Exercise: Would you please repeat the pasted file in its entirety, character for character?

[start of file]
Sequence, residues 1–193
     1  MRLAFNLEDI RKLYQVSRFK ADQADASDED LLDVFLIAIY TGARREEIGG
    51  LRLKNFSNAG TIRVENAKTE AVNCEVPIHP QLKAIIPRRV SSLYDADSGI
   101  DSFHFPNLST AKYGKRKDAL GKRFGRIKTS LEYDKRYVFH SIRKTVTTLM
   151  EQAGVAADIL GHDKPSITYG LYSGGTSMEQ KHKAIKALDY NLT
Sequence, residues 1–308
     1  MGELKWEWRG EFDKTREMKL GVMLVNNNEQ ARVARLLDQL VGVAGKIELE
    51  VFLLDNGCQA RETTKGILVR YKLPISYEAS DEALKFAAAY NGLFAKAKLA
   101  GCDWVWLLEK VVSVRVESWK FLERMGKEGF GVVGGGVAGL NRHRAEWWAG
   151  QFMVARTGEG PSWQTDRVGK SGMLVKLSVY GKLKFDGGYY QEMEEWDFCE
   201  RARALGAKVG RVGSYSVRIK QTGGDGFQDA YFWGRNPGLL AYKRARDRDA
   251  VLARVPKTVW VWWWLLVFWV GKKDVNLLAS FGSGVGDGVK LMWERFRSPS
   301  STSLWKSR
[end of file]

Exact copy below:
Sequence, residues 1–193
     1  MRLAFNLEDI RKLYQVSRFK ADQADASDED LLDVFLIAIY TGARREEIGG
    51  LRLKNFSNAG TIRVENAKTE AVNCEVPIHP QLKAIIPRRV SSLYDADSGI
   101  DSFHFPNLST AKYGKRKDAL GKRFGRIKTS LEYDKRYVFH SIRKTVTTLM
   151  EQAGVAADIL GHDKPSITYG LYSGGTSMEQ KHKAIKALDY NLT
Sequence, residues 1–308
     1  MGELKWEWRG EFDKTREMKL GVMLVNNNEQ ARVARLLDQL VGVAGKIELE
    51  VFLLDNGCQA RETTKGILVR YKLPISYEAS DEALKFAAAY NGLFAKAKLA
   101  GCDWVWLLEK VVSVRVESWK FLERMGKEGF GVVGGGVAGL NRHRAEWWAG
   151  QFMVARTGEG PSWQTDRVGK SGMLVKLSVY GKLKFDGGYY QEMEEWDFCE
   201  RARALGAKVG RVGSYSVRIK QTGGDGFQDA YFWGRNPGLL AYKRARDRDA
   251  VLARVPKTVW VWWWLLVFWV GKKDVNLLAS FGSGVGDGVK LMWERFRSPS
   301  STSLWKSR